Pfizer Inc. announced on Monday it would spin off four drugs that he decided to shelve to form a new company known as SpringWorks Therapeutics to give the four a better opportunity to be developed with the support of investors that include Bain Capital.
Three of these drugs are to treat rare diseases, including a pair that is set to be tested in trials that are late-stage. Being a part of the new SpringWorks will help them receive approval to treat populations that are underserved, said the president of the new company Lara Sullivan.
Some biotech firms such as Puma Biotechnology and Tesaro have been successful in acquiring then developing drugs that were once shelved.
Sullivan, who helped with leading the strategy for Pfizer’s pipeline for early stage until August, said there is good science, but constrained budgets. She added that some science, while good, does better within an alternative home.
The pharmaceutical giant contributed an amount it did not disclose to the funding of $103 million for SpringWorks.
Along with Bain Capital, a private equity company, investors include OrbiMed Advisors an investment firm in healthcare and medical research charity LifeArc.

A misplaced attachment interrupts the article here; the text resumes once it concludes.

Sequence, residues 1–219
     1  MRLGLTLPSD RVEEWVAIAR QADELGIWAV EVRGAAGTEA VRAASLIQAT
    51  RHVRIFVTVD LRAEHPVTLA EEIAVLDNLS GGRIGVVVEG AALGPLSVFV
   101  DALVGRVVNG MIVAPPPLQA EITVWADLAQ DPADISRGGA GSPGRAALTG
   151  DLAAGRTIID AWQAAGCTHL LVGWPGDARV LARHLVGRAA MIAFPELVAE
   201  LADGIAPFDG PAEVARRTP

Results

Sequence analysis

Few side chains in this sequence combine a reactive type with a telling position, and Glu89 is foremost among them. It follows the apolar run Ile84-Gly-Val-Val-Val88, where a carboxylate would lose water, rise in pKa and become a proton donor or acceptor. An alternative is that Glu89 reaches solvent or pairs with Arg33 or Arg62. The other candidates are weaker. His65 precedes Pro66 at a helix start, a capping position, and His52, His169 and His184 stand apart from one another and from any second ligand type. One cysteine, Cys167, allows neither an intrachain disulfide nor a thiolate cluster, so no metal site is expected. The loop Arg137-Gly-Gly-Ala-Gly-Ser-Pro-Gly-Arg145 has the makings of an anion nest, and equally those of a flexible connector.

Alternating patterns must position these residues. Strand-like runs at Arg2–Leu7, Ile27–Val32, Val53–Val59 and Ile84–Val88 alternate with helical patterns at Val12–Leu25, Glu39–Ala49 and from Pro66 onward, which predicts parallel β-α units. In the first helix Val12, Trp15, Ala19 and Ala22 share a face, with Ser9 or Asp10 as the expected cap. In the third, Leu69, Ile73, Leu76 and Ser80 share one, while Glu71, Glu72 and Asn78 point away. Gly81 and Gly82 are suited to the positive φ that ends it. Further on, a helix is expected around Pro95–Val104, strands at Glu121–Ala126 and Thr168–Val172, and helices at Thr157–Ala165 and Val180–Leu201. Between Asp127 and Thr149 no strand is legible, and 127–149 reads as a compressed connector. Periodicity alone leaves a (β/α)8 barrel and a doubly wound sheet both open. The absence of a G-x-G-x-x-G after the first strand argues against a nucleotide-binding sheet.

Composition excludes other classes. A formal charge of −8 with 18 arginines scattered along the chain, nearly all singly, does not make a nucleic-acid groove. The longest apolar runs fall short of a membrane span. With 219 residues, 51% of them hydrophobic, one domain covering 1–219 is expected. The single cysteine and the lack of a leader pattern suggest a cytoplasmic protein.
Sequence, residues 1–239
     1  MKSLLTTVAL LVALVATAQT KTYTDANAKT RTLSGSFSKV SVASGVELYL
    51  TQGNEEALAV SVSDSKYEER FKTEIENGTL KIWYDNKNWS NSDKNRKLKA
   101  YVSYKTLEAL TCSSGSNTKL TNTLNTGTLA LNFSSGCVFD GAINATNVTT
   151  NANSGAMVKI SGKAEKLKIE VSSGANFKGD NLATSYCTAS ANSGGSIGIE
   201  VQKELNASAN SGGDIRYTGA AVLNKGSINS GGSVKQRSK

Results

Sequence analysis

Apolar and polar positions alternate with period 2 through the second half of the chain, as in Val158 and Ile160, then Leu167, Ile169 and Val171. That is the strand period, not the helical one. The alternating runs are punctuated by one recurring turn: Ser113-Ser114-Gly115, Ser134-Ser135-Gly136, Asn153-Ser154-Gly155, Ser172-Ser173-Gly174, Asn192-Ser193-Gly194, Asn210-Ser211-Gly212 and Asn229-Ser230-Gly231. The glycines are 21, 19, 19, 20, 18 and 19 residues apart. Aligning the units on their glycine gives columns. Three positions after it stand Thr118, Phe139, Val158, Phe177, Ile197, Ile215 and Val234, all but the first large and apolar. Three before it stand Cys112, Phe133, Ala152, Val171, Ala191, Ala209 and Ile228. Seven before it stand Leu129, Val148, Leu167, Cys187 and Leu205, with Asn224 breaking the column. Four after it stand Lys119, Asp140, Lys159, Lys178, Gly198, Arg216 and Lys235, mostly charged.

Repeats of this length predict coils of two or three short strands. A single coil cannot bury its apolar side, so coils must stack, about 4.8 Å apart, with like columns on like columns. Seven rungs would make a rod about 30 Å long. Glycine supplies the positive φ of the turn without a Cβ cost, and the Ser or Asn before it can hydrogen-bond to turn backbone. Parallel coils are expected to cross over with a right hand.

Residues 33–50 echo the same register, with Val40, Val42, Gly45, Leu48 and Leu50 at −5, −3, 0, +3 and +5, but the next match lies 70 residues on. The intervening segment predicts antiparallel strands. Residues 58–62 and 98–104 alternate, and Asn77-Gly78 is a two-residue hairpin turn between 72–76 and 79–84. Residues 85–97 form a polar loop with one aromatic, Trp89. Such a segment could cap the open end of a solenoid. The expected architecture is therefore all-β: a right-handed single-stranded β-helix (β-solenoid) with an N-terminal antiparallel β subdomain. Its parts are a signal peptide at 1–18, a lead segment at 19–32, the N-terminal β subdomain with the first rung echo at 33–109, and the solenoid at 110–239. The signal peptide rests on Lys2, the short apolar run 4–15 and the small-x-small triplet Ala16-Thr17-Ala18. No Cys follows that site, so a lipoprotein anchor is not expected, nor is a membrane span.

Pfizer announced that it would keep a stake and would be eligible to receive milestone payments and royalties.
The spin off might at some point go public but its funding is sufficient to complete the late stage trials with two drugs, file to have them approved, and begin the mid stage studies for two others, said CFO at SpringWorks Saqib Islam, a former Alexion Pharmaceuticals executive.
Amongst the further along SpringWorks treatments is its nirogacestat, a drug that is ready for late stage trials for treating desmoid tumors, which are non-metastatic slow-growing tumors that affect between 900 and 1,200 people annually and does not have any therapy approved in the United States.
Pfizer stopped testing the drug in breast cancer, but it was continued by the National Institutes of health in desmoid tumors.
Neurofibromatosis is targeted by the other drug that will start late-stage trials. Neurofibromatosis is a genetic mutation disorder which can cause tumors that are non-cancerous to form on skin and affects one out of 3,000 people in the U.S.
SpringWorks will develop treatments for a rare anemia known as hereditary xerocytosis that does not have any approved treatments inside the U.S.